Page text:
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OMA at Cornell University

Millstein Hall at Cornell University, Ithaca, New York. Designed by OMA. Photo: Brett Beyer, 2011

Milstein Hall, a new addition to Cornell University designed by OMA, was finally completed this month – after a 12-year development process.

Millstein Hall designed by OMA partner and director Shohei Shigematsu, and Pritzker Prize-winner Rem Koolhaas, is the first new building in over 100 years for the renowned College of Architecture, Art and Planning (AAP) situated in Ithaca, New York.

Aerial view of Millstein Hall, Cornell University. Design by OMA. Photo: Cornell University

The discussion on the construction of the building started in 1997, involved an architecture competition and architecture offices like Steven Holl and Barkow Leibinger and was determined in the decision to hire OMA in 2002.

Millstein Hall's studio box cantilevers over University Avenue. Design by OMA. Photo: Brett Beyer, 2011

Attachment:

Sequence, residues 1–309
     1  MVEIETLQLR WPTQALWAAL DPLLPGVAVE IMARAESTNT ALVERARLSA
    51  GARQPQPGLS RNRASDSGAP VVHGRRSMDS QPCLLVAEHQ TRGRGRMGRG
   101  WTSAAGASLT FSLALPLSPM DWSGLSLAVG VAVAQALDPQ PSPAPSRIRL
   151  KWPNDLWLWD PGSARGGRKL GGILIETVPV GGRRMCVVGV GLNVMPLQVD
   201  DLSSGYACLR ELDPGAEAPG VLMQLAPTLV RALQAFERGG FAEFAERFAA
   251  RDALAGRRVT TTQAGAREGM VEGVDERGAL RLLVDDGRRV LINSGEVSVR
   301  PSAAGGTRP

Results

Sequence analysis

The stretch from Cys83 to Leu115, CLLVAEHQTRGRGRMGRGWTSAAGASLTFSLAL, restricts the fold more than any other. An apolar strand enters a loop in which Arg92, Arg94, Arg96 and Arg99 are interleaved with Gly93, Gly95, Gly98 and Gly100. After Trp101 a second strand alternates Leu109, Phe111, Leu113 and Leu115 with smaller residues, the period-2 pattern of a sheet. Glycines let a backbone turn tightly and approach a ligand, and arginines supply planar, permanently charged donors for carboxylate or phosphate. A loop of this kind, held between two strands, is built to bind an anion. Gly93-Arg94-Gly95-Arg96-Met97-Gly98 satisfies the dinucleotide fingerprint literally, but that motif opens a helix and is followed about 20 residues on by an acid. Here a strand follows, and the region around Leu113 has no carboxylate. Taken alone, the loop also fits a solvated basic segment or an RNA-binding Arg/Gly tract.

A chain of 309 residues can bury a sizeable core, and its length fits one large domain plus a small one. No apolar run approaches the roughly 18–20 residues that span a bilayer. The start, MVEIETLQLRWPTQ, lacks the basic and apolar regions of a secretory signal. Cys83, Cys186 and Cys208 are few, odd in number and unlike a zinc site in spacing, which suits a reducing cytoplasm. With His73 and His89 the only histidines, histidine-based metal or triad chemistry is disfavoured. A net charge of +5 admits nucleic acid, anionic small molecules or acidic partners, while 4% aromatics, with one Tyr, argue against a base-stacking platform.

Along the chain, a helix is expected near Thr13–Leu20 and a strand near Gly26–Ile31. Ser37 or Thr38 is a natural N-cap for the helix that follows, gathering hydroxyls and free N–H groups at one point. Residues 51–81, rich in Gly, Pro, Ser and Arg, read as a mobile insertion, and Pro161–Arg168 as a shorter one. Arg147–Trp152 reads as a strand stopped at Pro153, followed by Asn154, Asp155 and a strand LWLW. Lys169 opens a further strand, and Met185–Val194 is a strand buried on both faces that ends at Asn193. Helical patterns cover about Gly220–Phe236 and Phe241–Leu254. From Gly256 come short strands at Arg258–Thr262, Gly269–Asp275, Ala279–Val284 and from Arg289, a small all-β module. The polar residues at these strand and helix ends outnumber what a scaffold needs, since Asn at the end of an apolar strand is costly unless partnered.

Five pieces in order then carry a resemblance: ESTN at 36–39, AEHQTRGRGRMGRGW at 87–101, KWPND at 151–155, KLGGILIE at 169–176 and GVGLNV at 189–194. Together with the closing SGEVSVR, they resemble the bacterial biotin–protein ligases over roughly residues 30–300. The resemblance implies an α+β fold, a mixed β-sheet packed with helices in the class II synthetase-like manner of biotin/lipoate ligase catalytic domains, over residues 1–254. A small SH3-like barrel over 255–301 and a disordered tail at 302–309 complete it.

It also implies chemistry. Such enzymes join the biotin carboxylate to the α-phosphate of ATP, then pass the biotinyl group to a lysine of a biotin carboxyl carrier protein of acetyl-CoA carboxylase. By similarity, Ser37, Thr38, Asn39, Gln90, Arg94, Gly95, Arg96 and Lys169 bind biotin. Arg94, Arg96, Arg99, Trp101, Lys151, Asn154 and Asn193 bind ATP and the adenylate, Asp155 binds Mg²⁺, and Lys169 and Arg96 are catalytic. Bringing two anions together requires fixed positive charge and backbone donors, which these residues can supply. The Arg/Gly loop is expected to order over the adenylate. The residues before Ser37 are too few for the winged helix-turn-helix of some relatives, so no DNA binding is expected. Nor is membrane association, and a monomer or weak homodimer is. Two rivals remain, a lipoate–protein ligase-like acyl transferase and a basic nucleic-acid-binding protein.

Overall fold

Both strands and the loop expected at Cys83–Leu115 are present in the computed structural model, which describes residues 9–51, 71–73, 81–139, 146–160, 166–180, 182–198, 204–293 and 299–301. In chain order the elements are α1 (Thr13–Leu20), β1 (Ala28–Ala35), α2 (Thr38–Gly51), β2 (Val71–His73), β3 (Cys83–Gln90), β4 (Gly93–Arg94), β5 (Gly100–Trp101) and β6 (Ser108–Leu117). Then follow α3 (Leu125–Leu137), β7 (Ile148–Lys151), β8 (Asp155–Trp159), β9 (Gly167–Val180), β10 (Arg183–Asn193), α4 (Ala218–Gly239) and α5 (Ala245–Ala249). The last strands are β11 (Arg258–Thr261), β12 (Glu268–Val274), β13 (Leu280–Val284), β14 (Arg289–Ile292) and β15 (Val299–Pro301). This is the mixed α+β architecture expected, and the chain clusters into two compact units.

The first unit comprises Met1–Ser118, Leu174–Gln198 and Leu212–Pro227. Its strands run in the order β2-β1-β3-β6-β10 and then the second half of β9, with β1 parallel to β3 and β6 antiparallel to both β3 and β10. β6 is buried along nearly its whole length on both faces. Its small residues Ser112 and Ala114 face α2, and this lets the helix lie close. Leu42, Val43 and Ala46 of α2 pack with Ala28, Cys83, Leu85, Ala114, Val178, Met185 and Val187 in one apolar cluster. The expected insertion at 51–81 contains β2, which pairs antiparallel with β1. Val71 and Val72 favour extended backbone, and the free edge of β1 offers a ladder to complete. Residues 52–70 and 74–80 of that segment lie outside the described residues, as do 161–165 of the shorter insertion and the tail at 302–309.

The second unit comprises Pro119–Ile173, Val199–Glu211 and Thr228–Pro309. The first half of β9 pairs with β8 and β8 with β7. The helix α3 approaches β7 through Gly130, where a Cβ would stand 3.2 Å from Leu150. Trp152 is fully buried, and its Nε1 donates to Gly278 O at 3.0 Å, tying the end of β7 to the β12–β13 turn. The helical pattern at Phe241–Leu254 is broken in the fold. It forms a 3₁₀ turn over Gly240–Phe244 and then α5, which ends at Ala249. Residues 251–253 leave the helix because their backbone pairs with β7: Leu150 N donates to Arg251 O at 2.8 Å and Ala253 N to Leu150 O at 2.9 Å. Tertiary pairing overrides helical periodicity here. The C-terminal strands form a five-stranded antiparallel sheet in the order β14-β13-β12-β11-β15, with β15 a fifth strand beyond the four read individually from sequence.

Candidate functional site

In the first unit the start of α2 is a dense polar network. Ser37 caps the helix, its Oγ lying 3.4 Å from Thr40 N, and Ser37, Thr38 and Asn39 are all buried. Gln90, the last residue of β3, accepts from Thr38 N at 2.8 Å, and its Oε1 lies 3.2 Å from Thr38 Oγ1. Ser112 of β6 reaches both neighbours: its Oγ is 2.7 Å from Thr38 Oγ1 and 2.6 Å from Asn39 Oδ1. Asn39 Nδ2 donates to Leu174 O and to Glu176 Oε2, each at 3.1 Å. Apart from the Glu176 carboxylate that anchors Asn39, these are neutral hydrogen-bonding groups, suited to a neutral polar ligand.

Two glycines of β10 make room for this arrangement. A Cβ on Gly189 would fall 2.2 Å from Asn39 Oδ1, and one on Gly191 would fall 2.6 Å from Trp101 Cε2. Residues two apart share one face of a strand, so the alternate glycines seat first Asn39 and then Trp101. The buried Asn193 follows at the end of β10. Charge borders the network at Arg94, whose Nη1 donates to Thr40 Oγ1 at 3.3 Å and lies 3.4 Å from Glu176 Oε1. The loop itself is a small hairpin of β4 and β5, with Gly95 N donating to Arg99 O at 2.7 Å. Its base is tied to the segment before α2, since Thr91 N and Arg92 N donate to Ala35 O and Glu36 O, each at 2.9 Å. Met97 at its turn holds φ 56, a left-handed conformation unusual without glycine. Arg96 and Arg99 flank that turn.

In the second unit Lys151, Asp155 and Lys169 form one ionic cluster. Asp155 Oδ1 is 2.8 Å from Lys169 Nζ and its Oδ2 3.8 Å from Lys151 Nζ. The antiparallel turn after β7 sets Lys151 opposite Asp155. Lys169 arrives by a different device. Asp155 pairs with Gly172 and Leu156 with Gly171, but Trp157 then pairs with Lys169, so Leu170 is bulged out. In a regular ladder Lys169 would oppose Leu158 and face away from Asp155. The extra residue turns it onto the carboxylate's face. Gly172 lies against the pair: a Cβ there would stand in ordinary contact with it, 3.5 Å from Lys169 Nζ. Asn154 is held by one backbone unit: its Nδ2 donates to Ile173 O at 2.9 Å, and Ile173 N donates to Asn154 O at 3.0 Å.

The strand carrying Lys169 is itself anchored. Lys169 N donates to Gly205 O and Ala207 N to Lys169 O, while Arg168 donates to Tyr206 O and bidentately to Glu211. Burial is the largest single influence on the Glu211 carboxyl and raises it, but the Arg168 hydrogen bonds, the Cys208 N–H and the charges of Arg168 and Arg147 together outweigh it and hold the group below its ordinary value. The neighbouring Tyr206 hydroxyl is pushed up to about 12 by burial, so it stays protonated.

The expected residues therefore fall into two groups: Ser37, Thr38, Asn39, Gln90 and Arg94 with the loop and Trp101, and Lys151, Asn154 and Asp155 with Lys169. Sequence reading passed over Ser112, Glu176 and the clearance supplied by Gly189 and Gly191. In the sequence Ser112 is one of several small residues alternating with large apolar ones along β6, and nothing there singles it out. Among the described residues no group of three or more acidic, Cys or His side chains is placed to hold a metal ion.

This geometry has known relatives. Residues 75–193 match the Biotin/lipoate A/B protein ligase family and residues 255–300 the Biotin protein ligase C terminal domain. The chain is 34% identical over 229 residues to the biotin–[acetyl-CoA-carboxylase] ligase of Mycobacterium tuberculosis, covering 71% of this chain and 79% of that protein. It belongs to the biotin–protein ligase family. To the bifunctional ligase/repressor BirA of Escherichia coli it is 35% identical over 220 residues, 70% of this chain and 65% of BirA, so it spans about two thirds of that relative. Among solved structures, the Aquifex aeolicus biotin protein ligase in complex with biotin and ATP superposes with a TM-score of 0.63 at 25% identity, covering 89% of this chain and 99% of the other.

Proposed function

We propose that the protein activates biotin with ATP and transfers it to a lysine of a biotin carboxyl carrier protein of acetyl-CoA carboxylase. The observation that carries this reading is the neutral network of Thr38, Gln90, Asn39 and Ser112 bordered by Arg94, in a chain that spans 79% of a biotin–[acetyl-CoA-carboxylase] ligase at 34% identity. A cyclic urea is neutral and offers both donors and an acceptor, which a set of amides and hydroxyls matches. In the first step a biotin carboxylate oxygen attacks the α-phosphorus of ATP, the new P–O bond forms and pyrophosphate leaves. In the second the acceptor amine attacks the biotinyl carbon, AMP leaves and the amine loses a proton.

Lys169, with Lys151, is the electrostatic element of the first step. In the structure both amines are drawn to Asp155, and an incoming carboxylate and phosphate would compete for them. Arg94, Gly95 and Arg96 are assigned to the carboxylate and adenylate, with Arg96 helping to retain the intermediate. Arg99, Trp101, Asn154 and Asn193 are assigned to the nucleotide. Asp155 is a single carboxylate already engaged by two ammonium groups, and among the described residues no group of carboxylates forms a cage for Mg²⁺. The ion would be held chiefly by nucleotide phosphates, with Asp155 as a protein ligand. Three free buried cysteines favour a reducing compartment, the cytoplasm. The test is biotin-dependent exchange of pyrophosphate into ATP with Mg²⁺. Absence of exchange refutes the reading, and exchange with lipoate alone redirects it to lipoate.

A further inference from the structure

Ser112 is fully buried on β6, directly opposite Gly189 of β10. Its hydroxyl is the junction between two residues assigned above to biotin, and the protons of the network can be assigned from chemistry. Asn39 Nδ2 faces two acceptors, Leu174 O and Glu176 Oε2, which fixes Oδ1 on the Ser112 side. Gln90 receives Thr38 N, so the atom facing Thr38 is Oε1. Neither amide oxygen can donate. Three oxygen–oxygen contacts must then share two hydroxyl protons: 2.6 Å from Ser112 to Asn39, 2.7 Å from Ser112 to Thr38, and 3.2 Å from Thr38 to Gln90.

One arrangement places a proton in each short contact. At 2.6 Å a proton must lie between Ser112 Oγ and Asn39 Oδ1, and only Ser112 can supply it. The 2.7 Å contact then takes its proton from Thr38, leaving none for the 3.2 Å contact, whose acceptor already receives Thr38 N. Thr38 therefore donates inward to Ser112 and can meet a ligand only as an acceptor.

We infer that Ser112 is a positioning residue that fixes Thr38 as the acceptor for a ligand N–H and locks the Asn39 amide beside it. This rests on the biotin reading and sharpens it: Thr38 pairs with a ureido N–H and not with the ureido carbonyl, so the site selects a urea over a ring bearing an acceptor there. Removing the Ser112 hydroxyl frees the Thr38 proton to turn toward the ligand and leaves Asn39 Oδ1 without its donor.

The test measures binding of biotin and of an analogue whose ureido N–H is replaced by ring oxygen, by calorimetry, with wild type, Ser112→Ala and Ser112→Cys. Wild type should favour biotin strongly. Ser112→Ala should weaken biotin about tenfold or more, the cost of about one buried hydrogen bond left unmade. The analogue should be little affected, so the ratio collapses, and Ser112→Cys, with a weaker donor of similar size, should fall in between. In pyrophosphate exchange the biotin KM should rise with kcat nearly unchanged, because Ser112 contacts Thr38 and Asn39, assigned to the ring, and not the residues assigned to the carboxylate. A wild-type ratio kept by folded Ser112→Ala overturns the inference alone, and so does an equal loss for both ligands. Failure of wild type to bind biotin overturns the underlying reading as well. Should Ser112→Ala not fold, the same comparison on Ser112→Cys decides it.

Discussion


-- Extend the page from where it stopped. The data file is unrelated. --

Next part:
OMA’s design for the 47,000- square-foot building physically unites the AAP’s long-separated facilities: Milstein Hall’s large horizontal plate connects the second levels of the AAP’s existing Sibley Hall and Rand Hall to provide 25,000 square feet of open studio space. The plate cantilevers — structurally supported by a hybrid truss system —over University Avenue to establish a relationship with the Foundry, a third existing building of the AAP facility.

The open studio space of the new Millstein Hall. Design by OMA. Photo: Brett Beyer, 2011

Shohei Shigematsu comments: "Our ambition for the upper plate was for it to serve as a pedagogical platform for the architecture, art and planning departments – an open condition that could trigger interaction and discussion.”

Dome and Crit space of Millstein Hall. Design by OMA. Photo: Cornell University, 2011

On the ground level, beneath the hovering studio plate, the major elements of the program are a 253- seat auditorium, and a dome that encloses a 5,000 square foot circular critique space and serves as a stairs leading up to the studio plate above.

OMA’s new Millstein Hall is a transparent box that – in contrast to the modern architecture's typology of a box standing alone in isolation - acts as a connector between the existing facility buildings and that allows maintaining a public open space. The cantilevered studio as well as the new public space demand a publicity that is unusual at Cornell and reminds rather of an urban setting.

 

 

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